Users want Web-based interfaces, so many companies retrofit their products with Web-based GUls. BindView Development joins the pack with bv-Web. This Java-based add-on for BindView Enterprise Management System (EMS) lets you view network health information from a Web browser. BindView EMS provides one enterprise console interface for managing network administration.
bv-Web creates reports with a neatly designed user interface (UI). The product arranges reports in six top-level categories: Desktop Administration, Server Administration, Security, Year 2000 Compliance, Low Disk Space, and Intruder Detection. Each category can have subcategories, depending on how you configure the product and your network environment.
bv-Web consists of three components: the Viewer, the Event Server, and the Data Collector. The Viewer lets you see the collected information. You can access the Viewer with a Java-enabled Web browser or as a Java-based desktop application. The Event Server delivers email and pager alerts according to administrator-defined threshold settings. The Data Collector is BindView EMS, which gathers information from the network and saves it in a bv-Web file format.
The Viewer interface is easy to use, as Screen 1 shows. bv-Web uses large color-coded icons for each top-level report category so that you can see which network areas require attention. The color scheme uses green for normal, blue for warnings, yellow for danger, and red for critical. (You can change these default settings.) You can click any icon to drill down to see a report in grid format. In my test, the product identified the Security report as critical. When I clicked this icon, a new screen appeared with the monitored items that needed attention. A downside to bv-Web is that you can't print reports while you're using the desktop Java-based Viewer. BindView claims the next version will support printing.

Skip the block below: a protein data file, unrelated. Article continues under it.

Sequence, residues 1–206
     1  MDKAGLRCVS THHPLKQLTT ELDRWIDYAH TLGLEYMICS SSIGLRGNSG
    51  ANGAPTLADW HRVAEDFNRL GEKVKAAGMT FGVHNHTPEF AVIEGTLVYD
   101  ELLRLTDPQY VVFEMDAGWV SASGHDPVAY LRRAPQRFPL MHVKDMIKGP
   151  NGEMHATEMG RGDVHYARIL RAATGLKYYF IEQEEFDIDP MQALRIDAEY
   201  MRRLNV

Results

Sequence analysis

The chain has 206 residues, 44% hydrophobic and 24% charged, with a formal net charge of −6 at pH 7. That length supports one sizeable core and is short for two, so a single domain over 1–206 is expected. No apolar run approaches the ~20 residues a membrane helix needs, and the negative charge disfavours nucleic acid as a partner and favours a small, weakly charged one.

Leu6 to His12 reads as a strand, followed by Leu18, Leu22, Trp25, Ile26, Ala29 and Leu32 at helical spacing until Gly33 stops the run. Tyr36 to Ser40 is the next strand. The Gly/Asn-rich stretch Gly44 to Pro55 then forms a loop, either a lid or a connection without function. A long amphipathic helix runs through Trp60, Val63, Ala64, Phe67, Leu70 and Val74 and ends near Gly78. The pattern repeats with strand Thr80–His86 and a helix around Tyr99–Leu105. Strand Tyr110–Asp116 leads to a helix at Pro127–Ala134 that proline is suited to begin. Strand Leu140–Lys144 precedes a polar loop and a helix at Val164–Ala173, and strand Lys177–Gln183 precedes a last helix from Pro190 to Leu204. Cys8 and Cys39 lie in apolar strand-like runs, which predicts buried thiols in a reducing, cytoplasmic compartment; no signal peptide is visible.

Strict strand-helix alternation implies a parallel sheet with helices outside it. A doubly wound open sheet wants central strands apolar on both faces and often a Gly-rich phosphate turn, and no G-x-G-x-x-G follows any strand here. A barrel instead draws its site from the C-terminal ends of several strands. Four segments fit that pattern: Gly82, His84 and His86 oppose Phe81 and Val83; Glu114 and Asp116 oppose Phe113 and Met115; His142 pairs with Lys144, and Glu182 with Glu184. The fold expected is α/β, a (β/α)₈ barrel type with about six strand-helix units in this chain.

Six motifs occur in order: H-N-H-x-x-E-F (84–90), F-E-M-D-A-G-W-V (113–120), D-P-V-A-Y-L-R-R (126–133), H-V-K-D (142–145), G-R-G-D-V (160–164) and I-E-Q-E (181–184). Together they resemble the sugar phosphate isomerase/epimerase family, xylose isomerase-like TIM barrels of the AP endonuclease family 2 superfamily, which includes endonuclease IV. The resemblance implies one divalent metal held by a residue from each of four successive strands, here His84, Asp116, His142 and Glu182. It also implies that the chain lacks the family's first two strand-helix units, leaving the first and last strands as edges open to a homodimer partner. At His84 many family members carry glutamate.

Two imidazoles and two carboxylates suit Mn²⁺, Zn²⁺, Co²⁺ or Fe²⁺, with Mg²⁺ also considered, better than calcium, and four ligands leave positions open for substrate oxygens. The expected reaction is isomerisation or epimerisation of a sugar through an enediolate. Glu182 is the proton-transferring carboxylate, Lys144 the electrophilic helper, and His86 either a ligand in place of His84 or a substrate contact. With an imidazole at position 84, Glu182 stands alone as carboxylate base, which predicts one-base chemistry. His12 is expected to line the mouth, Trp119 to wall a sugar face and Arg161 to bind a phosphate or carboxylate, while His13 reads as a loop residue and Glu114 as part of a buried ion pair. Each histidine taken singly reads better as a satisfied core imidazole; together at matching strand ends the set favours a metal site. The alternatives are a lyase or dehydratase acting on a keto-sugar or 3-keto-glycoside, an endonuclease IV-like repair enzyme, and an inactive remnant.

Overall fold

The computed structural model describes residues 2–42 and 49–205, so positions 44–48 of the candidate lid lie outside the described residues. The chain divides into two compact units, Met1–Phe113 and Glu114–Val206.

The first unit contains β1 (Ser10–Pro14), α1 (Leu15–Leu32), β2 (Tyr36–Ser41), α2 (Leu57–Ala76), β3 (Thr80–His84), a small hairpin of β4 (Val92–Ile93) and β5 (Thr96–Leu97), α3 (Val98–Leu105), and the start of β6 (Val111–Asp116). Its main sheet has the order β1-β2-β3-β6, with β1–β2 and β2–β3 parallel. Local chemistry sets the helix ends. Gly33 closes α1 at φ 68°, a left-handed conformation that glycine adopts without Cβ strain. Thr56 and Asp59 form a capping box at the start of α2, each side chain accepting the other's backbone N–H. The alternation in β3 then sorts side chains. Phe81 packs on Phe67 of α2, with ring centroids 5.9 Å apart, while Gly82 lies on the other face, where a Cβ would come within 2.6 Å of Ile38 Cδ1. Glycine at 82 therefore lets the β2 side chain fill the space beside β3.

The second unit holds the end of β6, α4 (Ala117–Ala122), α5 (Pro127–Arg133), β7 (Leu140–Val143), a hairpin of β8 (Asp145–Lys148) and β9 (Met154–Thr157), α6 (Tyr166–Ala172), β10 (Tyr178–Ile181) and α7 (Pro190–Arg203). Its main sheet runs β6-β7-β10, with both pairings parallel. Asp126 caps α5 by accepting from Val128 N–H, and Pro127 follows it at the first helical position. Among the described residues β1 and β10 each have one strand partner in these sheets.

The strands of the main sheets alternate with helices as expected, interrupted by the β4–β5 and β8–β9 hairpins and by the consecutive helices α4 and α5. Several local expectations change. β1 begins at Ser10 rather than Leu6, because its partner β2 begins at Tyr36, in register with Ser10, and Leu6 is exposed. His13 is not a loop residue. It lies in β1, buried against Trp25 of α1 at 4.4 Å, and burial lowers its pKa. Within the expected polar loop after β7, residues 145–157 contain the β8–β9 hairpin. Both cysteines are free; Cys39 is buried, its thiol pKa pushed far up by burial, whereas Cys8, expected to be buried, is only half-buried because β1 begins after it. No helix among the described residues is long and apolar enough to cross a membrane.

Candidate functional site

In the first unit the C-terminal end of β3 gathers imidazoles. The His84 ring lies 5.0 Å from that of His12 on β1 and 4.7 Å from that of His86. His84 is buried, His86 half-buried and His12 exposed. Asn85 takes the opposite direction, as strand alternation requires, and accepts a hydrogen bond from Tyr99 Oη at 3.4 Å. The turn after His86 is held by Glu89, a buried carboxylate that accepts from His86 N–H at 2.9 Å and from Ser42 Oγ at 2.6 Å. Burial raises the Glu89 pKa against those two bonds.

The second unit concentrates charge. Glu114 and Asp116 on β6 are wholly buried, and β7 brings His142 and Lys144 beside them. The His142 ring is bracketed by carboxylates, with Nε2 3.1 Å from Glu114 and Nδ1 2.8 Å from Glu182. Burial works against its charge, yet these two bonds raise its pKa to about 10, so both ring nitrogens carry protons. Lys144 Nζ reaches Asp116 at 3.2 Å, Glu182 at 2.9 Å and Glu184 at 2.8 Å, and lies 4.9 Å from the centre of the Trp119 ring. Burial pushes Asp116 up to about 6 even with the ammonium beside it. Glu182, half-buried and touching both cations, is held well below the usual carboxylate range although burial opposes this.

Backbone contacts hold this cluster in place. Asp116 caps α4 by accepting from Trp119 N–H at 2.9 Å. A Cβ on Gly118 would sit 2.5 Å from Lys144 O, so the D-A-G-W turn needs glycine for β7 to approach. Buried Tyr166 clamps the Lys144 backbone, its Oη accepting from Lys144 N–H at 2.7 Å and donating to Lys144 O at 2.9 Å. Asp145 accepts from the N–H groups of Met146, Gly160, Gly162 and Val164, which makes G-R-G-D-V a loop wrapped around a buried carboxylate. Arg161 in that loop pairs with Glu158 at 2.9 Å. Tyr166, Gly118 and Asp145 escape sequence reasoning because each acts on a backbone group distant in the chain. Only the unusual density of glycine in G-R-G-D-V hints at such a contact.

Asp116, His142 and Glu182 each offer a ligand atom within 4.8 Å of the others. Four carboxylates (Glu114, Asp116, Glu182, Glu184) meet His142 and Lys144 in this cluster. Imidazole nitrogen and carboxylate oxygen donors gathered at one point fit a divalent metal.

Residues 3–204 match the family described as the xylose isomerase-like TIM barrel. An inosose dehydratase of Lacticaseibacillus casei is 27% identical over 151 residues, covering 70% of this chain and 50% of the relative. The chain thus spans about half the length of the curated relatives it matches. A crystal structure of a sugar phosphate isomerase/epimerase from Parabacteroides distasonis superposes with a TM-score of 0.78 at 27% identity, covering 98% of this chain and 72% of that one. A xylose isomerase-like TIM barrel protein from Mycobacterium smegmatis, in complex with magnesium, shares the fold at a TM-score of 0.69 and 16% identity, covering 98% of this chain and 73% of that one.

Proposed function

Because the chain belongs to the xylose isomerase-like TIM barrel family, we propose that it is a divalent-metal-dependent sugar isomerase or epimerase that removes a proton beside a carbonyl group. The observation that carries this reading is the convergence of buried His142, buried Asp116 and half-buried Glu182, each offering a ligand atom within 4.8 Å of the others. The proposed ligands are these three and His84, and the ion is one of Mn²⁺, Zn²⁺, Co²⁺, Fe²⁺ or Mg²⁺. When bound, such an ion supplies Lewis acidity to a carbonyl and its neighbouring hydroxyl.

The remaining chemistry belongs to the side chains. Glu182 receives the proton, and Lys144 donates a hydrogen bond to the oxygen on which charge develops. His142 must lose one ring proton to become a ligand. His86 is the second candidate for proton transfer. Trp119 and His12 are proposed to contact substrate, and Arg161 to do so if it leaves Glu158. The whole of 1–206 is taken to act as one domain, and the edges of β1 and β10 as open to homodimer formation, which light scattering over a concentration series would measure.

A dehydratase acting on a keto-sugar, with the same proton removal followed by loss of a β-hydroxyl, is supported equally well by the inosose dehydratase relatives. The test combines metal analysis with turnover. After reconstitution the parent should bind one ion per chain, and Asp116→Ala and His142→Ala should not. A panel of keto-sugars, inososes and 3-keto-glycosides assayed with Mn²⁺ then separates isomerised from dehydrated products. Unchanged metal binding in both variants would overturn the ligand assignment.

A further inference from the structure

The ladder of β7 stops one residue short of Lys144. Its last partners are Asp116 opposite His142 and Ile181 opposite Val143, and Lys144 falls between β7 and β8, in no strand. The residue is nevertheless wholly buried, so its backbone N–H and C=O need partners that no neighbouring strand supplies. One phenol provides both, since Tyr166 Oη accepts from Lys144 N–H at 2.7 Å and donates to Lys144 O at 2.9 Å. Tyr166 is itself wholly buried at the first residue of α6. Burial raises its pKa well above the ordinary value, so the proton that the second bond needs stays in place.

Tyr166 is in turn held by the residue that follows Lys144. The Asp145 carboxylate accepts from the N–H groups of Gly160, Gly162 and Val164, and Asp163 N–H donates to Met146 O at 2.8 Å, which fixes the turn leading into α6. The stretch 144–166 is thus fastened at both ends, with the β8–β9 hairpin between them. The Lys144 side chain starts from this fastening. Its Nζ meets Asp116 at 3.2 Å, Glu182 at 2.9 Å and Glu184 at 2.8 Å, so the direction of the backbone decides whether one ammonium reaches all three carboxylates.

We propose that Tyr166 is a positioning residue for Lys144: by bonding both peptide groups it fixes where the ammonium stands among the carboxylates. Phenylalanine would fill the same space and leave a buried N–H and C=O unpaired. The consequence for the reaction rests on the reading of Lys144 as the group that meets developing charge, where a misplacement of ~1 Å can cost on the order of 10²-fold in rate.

I installed the product on a Windows NT 4.0 server with Service Pack 4 (SP4) and Microsoft Internet Explorer (IE) 5.0. bv-Web ships with Microsoft Java Virtual Machine (JVM). I selected the components to install, a folder to copy the components into, and a Start menu folder name.
Installation was easy, but configuration can be tricky because the Viewer and Event Server share one flat text file to store their configuration information. You must edit this file with a text editor (e.g., Notepad) because BindView doesn't provide a configuration GUI for either component. However, I easily configured bv-Web with a text editor.
The Viewer configuration settings let you customize the UI and its reports. For example, you can select custom icons, font faces and sizes, and grid spacing. The Event Server acts according to the severity levels it detects in its query data. Actions include logging the event, paging someone, sending email, and launching Java applications. To configure the Event Server, you define which events trigger which actions. You also define an SMTP mail server name, an event database path, a monitor log file, and an information-polling interval.
With the text-based configuration complete, I used the EMS/Enterprise Console to establish an information export schedule for bv-Web. I selected the data items I wanted to export and selected the BindView Export Device format. Schedules let you assemble batch processing operations. The software lets you include any BindView EMS informational items in these schedules, including other schedules. This nesting of schedules lets you fully customize the product's top-level view.
bv-Web is flexible, and its Java-based interface lets you easily access the information BindView EMS generates. If you're using BindView EMS, consider bv-Web.
| Contact: BindView Development * 713-561-4000 or 800-813-5869 |
Price: $9995 per Web server
System Requirements: Windows NT Server 4.0 or later, 64MB of RAM, 65MB of hard disk space, Microsoft Java Virtual Machine, BindView EMS/Enterprise Console 5.2 or later